Once you’re in this elite weekend competition, you have the chance of winning greater rewards to that of the standard FUT league competition. If for whatever reason, you can’t make it to this weekend’s competition, you can bank your Champions Points to save them for the following weekend. However, I must add that you can’t stack these points, so you can only bank one weekend competition at a time. Before I leave the topic of FUT, due to all the recent loot box legislations, EA were forced to reveal the odds of what category of players you’ll get when purchasing packs. For Gold players above a 75 rating, there is a 100%, Gold players above 82 are at 41%, Gold players above 85 are at 4.3%, while the player of the week “Ones to Watch” are less than just 1%.
A series of fun modes have also been introduced in FIFA 19 under “House Rules”, here you can pick from a variety of match types that will be especially great for when playing against a friend locally. Probably my favourite of these match types is No Rules and as you can guess, this pretty much does what it says on the tin. No Rules means there’s no ref to call fouls, yellow or red cards, no penalties or free-kicks or no off-sides. Other then in-play action, the only set-pieces that comes into play during this mode is throw-ins, goal-kicks and corners. This mode is a lot of fun tripping up a player as they are about to outpace you or chopping them down in the penalty area before they are about to score. However, oddly enough, attempting to foul players left, right and centre, is perhaps a little tougher then you might expect, especially against skilled players as they still require a degree of timing to land that perfect foul.
Other modes include Survival Scoring, where the scoring team will lose a random outfield player each time they score a goal. A team can lose up to four players in one match, leaving six outfield players and the goalkeeper. The match will also end if a team scores five goals and if a team receives two red cards, the match will be a forfeit. This survival mode is also a lot of fun and is quite strategic. For example, do you take a 1-0 lead, lose just one player and hold out to the final whistle or do you attempt for a more comfortable score-line, but lose more outfield players, leaving you more exposed in the process?
The category of House Rules matches also feature a mode when you get one goal for those scored inside the penalty area and two goals for those that are scored outside of the area. There is also a “First to” match type where you get set the requirement to the first player to score the set number of goals wins and finally, Headers & Volleys in which, yep you’ve guessed it, only goals scored via a header or volley will count. This latter mode of the same namesake reminds me of playing football on the local fields as kids playing Headers & Volleys and Knockout, which wasn’t to dissimilar to that of FIFA 19’s Survival mode. This really does put an emphasis on how much of a fun aspect that the developers are bringing to FIFA 19, this instalment also includes the final chapter campaign to the Alex Hunter story that began in FIFA 17. While I’ve never been a fan of the Journey campaign, if they implemented a create-a-player into FIFA 20’s campaign that could go a long way in having me invest some time in this mode.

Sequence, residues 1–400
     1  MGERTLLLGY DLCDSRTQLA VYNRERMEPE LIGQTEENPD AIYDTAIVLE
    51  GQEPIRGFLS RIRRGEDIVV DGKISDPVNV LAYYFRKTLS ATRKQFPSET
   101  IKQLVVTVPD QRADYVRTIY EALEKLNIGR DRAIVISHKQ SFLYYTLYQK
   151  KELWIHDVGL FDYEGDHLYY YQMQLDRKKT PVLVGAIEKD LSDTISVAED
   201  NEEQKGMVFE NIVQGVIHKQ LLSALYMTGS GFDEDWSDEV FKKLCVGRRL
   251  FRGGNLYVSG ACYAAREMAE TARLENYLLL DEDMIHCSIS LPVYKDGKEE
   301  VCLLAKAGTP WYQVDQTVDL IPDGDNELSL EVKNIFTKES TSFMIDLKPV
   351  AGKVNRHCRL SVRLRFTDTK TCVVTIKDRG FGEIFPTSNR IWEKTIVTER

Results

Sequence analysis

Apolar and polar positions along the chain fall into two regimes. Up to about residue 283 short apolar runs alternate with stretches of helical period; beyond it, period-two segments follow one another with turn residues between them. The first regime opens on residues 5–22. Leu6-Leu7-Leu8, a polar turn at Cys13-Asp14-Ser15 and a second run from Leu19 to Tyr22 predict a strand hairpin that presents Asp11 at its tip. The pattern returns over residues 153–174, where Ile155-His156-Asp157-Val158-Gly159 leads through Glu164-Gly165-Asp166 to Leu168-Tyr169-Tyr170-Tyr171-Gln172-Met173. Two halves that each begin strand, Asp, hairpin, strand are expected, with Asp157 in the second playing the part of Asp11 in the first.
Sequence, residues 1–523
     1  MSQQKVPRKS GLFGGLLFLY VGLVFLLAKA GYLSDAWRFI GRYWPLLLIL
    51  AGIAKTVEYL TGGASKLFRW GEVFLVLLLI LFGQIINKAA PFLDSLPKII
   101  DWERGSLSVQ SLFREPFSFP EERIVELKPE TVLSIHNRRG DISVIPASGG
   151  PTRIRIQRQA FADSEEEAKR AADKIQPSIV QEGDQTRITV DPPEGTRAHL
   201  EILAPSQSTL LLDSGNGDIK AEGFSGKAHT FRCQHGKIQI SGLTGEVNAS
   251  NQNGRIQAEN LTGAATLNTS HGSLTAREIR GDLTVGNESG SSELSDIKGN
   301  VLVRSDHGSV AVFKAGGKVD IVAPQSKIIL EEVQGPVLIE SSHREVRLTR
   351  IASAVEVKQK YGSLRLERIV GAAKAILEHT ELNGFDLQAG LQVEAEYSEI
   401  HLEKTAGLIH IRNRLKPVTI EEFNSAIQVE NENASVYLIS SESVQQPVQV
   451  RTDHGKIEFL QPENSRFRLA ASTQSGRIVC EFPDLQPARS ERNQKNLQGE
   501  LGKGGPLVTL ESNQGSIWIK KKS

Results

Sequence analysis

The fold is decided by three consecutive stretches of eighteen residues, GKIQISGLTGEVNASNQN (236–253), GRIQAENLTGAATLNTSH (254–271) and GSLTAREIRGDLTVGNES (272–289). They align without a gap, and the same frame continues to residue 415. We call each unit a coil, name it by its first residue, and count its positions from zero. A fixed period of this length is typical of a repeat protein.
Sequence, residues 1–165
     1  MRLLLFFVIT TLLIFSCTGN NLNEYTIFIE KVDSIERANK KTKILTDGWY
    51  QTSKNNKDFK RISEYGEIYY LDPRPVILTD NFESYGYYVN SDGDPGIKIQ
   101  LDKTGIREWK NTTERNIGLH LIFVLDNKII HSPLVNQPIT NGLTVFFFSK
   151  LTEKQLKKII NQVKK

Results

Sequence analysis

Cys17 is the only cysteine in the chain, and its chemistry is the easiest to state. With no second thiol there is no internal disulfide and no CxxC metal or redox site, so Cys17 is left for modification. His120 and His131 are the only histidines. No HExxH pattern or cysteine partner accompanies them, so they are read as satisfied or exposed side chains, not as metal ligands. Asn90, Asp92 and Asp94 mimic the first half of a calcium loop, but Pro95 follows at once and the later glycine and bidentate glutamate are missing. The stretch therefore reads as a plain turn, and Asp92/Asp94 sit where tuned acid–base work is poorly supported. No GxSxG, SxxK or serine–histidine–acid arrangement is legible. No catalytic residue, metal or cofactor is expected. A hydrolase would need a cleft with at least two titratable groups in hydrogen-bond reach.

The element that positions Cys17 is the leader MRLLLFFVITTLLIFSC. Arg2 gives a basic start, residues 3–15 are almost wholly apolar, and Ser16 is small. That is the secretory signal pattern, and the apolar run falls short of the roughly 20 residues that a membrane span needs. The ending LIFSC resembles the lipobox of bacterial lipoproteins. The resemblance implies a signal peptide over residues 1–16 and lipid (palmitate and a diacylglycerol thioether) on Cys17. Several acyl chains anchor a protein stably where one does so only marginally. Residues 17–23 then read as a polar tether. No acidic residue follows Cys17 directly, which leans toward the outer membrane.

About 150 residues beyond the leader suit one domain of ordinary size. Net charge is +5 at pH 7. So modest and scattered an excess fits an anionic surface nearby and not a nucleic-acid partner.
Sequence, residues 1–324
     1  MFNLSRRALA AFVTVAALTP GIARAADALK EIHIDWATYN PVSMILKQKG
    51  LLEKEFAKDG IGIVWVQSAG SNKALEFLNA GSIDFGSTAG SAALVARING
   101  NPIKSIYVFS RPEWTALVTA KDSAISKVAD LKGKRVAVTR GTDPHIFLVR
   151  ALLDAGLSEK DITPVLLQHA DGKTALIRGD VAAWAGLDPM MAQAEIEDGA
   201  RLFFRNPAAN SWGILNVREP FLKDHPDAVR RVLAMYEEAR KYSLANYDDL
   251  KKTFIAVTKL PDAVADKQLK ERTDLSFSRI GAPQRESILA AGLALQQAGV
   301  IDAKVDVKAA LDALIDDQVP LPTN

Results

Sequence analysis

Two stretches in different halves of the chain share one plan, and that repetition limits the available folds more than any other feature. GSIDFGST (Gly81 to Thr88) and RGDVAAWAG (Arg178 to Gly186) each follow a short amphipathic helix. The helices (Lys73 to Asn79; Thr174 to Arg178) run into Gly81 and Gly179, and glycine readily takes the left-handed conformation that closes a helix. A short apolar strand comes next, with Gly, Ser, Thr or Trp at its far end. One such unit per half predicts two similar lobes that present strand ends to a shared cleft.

Overall, FIFA 19 offers a more refined football gaming experience than ever before. Not only with its new wealth of deep modes and licenses, but the action on the pitch as better than it’s ever been in my opinion. The First Touch mechanic really adds to the gameplay, the match day presentation is near perfect for a videogame experience and not only does the action feel great on the pitch, you can feel and hear the tension from opposing fans as you a 2-0 or 3-0 lead away from home, and often you’ll feel a more aggressive reaction from the team that you’re playing against as they attempt to claw something back.
In recent years, I did feel as if the FIFA series had peaked, but yet somehow EA has managed to improve of many aspects to FIFA 19 to a level that I honestly did not expect and for that, I commend the developers for still managing to keep this series fresh after all these years. The one true blight that FIFA 19 has (other than the low odds of FUT packs, which have always been present), is that from what I can tell, there’s no improvements made to the Career mode from last year, which is a shame as I know a lot of players invest a lot of time in this particular mode. Hopefully with FIFA 19 seeing the conclusion to Alex Hunters story, perhaps EA will invest more time in improving Career with next year’s game. However, to conclude, despite the Career mode shortcomings, with all the overall improvements that FIFA 19 brings, this may just be the best FIFA yet.